The Big Question: Should Dems push immigration reform?



Daniel Griswold, director of the Cato Institute's Center for Trade Policy Studies, said:

Congress can and should pass comprehensive immigration reform in 2010. Any legislation worthy of the name would:

1) offer legalization to undocumented workers who have been here for several years, pass a security check, and pay a reasonable fine and back taxes;

2) create a temporary-visa program sufficient to meet future labor needs of a growing economy; and

3) enforce the law against those who still insist on working outside the system, but in a way that does not restrict the freedom of American citizens.

Reform would reduce illegal immigration by offering a legal alternative. It would tighten border security by allowing U.S. agents to focus on intercepting real criminals and terrorists, not dishwashers and gardeners. And it would expand output, investment, and job opportunities for middle-class Americans. Polls show a majority of Americans will accept the three-fold approach to reform. Recent elections confirm that support for reform is a modest plus with swing voters, and a huge plus with Hispanics. This is an issue where both major parties can work together to fix our immigration system in a way that boosts the economy, enhances security, and expands liberty. 



Frank Askin,
professor of law at Rutgers University, said:

Not unless there can be a bipartisan solution. There are too many other significant issues (finance reform, energy reform, economic stimulus, Supreme Court nominee) that must take precedence and another filibuster on immigration would be devastating.


Justin Raimondo,
editorial director of Antiwar.com, said:

The Democrats should push immigration "reform" if they want to further
alienate Middle America and engage in an orgy of "Republicans-are-raaaaaacist" posturing. If they want to salvage what's left of their electoral prospects, they'll stay away from the issue altogether. There is no upside for the Dems on this issue: they risk losing their multicultural constituency if they so much as hint they want to limit immigration, and they risk losing the middle American majority if they cave to the PC crowd. It's a lose-lose situation.


Craig Newmark
, founder of Craigslist.org, said:

We're pretty much all immigrants, or children of them, in this country, and believe that you should treat people like you want to be treated.

Immigration reform just reflects those values.



John F. McManus,
president of The John Birch Society, said:  

The Democrats will likely push for immigration reform (which means amnesty for 11-20 million) before the November election because they expect to be routed when the votes are counted this Fall.  They know that they had better attempt this now because it won't go anywhere in the new Congress.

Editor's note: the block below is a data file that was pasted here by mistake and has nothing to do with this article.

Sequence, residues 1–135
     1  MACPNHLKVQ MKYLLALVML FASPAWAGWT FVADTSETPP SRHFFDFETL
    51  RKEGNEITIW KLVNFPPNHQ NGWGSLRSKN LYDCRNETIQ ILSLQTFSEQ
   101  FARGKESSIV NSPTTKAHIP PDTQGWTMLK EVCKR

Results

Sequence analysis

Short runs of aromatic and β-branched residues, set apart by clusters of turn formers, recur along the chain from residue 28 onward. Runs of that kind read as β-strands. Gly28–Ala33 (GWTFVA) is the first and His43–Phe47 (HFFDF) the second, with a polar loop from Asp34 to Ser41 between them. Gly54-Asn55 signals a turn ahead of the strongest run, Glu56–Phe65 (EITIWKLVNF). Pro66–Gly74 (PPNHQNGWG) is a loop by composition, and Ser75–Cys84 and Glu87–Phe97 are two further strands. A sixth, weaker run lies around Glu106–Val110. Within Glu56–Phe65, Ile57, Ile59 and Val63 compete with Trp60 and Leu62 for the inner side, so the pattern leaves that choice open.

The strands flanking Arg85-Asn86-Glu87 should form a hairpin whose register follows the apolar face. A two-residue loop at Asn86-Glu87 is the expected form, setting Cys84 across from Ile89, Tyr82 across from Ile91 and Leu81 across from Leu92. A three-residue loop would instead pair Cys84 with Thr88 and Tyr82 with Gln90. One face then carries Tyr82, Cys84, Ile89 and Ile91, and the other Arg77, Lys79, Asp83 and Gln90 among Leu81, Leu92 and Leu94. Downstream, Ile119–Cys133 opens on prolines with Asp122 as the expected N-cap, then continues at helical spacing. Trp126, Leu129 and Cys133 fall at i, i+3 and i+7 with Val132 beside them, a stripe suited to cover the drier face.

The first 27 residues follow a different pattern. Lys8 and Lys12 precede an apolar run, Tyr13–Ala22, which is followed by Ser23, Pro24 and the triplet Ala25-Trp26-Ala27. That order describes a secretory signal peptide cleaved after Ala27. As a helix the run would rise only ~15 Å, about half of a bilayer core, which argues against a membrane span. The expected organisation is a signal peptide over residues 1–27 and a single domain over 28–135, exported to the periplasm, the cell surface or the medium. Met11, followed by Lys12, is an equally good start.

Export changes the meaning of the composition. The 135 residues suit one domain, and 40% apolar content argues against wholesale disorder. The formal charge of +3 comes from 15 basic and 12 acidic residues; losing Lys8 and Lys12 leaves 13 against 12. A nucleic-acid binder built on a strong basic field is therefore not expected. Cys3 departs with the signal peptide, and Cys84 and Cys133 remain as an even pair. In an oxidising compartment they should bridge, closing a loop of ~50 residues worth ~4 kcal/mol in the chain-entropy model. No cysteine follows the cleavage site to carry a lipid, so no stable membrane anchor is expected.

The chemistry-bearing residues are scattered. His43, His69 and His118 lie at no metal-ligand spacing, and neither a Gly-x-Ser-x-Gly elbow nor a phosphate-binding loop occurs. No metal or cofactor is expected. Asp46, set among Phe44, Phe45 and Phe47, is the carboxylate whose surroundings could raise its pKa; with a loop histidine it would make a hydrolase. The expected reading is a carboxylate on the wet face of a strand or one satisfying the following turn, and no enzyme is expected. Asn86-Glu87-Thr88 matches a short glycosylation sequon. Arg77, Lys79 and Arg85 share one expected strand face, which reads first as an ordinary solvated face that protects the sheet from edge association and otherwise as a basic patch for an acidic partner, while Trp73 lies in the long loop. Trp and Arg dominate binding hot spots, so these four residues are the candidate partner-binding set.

Senate Majority Leader Harry Reid has already announced that he will bring the topic before the Senate prior to Memorial Day.  He has written a bill that calls for amnesty and for "other purposes."
 
But let's not blame only Democrats for what seems for the coming attempt to reward the millions of lawbreakers.  Senator Lindsey Graham (R-S.C.) is working with Senator Charles Schumer (D-N.Y.) to produce a bill that will include not only amnesty for these millions but also require an ID card for every worker - illegal immigrant or not.  It will also speed the process of getting all these illegal entrants on the voting rolls.
 
Graham, derisively labeled "Gramnesty" by irate South Carolinians, has long championed amnesty for the border crossers.  In doing so, he is allying himself with top SEIU executive Eliseo Medina who has openly stated his desire to get millions amnestied and on to the voting rolls.  He happens to be a member of the Democratic Socialists of America, the U.S. branch of the Socialist International begun by Karl Marx in the 1860s.  There's a lot more than amnesty behind this threat.  
 
A famous example of what amnesty will do occurred when Congress passed and President Reagan signed an amnesty bill in 1986.  Proponents of the measure insisted that there would never again be a need for amnesty for illegal entrants to our country.  But the measure promptly stimulated a flood of new border crossers.  Rewarding lawbreakers has always stimulated more breaking of the law, no matter the law.
 
The important issues in the Fall elections will be the economy, the healthcare monstrosity, and yes, illegal immigration.  There will even be some Democrats opposing immigration reform as they hope to win reelection.



Damon N. Spiegel,
entrepreneur and writer, said:

The Democrats should push for immigration reform to help them win the Latino vote as they’ll need anything and everything they can get their hands on to remain the majority.
 
 

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